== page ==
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Ukraine's Voters Turn Out for Closely Watched Presidential Election Re-run


Millions of voters in Ukraine are casting ballots in an historic re-run of presidential elections to replace outgoing President Leonid Kuchma. The race has been bitterly contested, including dual legal challenges in the nation's Supreme Court, which cleared the way for Sunday's re-run.

The new chairman of Ukraine's Central Election Commission, Yaroslav Davydovych, says voting is proceeding normally, with no immediate violations reported.

Election commission officials report that turn-out was slightly less in the early hours of voting than it was at the same time during the previous two rounds, despite clear, bright skies on polling day. Before the day is over, nearly 35 million Ukrainians are expected to vote.

Outgoing President Leonid Kuchma crossed himself before placing his vote in the ballot box for what he said he hoped would be the last time to vote in this bitterly-contested election.

Mr. Kuchma said, whoever is defeated in the race should call and congratulate the winner on Monday in order, he said, to end the nation's long electoral struggle.

Opposition leader Viktor Yushchenko says he is confident he will win the re-run. He contested his defeat in the previous voting, saying there was massive fraud. Mr. Yushchenko, who brought his three young daughters into the polling booth Sunday morning as he cast his ballot, said he was sure the vote would be a victory for democracy in Ukraine.

Prime Minister Viktor Yanukovych, who had his earlier win annulled, criticized Saturday's Constitutional Court decision striking down part of the recent electoral law changes as, in his words, too little, too late.

He later smiled widely when asked by a reporter whether he would file an appeal with Ukraine's Supreme Court, if opposition candidate Viktor Yushchenko is declared the winner. He said he would need to see the results first, before making any decision.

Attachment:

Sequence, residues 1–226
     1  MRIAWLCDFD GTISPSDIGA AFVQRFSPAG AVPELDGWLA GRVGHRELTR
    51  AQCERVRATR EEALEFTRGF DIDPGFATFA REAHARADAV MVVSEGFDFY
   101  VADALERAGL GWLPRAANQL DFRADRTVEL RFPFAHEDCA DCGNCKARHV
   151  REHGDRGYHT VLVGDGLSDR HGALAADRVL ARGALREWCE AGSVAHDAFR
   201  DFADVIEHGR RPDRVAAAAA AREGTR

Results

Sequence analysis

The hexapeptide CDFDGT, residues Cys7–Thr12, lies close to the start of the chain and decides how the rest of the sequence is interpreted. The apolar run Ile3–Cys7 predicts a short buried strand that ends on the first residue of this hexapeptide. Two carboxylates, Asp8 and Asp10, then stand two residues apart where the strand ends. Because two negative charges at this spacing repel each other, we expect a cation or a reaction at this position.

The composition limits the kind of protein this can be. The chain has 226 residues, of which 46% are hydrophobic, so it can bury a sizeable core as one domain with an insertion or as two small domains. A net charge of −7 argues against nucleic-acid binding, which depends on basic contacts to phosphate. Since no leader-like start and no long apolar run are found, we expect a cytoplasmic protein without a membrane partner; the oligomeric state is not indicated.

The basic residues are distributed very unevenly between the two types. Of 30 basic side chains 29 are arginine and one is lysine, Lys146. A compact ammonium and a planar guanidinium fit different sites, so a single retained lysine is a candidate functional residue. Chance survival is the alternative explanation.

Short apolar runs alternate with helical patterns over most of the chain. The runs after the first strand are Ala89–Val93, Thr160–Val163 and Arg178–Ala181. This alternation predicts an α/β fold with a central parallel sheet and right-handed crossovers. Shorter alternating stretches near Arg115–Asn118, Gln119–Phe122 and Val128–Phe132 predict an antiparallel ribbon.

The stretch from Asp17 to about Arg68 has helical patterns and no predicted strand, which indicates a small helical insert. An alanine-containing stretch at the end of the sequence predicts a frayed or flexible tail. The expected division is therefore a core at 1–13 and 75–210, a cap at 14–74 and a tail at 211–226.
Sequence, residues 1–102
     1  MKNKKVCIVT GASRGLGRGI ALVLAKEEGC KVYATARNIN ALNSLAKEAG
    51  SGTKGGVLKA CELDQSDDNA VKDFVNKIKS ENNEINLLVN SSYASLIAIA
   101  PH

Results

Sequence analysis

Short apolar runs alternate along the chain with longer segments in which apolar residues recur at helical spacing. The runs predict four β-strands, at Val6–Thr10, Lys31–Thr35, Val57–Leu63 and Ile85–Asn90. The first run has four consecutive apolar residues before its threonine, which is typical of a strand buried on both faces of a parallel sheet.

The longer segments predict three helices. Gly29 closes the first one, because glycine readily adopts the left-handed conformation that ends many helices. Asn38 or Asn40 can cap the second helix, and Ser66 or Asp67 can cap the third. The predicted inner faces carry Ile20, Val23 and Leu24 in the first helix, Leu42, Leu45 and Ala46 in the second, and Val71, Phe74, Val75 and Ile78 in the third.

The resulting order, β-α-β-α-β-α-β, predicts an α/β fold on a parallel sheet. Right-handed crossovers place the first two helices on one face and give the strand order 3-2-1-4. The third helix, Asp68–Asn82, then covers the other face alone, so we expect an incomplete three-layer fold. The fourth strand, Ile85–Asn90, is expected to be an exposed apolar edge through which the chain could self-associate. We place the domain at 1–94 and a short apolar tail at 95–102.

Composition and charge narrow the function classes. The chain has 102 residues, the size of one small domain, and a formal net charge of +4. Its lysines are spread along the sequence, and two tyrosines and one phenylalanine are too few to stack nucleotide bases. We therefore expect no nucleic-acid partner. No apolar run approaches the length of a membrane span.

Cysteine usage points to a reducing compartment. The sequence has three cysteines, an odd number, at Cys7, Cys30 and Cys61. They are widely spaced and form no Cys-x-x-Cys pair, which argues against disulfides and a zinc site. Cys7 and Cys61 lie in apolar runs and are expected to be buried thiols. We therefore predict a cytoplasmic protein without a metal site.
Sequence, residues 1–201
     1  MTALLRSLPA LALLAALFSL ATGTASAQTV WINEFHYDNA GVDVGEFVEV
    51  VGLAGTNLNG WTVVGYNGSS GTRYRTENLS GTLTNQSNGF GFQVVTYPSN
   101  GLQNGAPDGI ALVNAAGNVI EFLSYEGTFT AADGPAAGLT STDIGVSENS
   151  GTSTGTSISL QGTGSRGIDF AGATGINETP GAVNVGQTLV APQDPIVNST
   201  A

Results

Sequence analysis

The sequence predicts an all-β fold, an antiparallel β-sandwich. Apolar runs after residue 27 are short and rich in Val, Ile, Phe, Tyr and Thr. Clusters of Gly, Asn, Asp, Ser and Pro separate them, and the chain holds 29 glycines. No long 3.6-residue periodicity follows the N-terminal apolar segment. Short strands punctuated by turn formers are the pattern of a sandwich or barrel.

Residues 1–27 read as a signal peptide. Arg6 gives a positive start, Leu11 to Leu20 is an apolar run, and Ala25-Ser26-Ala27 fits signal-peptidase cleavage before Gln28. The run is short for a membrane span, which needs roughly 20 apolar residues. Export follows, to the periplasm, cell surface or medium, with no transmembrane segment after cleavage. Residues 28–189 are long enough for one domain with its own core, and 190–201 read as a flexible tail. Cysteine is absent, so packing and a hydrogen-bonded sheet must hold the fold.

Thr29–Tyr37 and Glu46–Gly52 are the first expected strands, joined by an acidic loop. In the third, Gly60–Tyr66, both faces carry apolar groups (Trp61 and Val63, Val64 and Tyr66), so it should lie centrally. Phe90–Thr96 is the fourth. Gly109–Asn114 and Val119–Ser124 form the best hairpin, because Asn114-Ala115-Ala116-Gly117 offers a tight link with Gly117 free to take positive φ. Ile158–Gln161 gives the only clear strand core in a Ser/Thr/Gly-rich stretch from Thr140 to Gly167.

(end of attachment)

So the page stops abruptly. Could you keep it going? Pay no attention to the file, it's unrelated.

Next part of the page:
The speaker of Ukraine's parliament, or Rada, Vladimir Lytvyn, has urged both candidates to accept the outcome of Sunday's vote, whatever it may be. Mr. Lytvyn says the two leaders should shake hands in the spirit of cooperation, and then move on, for the sake of Ukraine's future stability.

This country of 48 million has been brought to a virtual halt for three months, amid the political stand-off, which, at one point, had leaders in the eastern industrial regions threatening to hold referendums for self-rule.

That idea has been shelved for the time being. But there are still real concerns that the losing party might not accept the results of the re-run and call supporters into the streets, or file additional legal challenges, which could delay the outcome.

This young voter, a student in Kiev, admits she never expected she would have to vote three times in order to elect a new president. But she says all things worth anything in life require some sacrifice.

The woman, an ardent Yushchenko supporter, says any hardship is preferable in her view to living under Mr. Yanukovych's rule.

Mr. Yanukovych, who for a time was the declared winner of the second round, had his win annulled by Ukraine's Supreme Court, which cited massive voter manipulation and fraud, especially in his traditional eastern strong-holds.

Numerous electoral and constitutional changes have since been enacted, in an effort to prevent repeat instances of fraud. A record number of foreign and local observers are spread out across Ukraine monitoring the vote, which could give a clear indication of whether Ukraine will align itself with western democracies or remain under Russia's influence.

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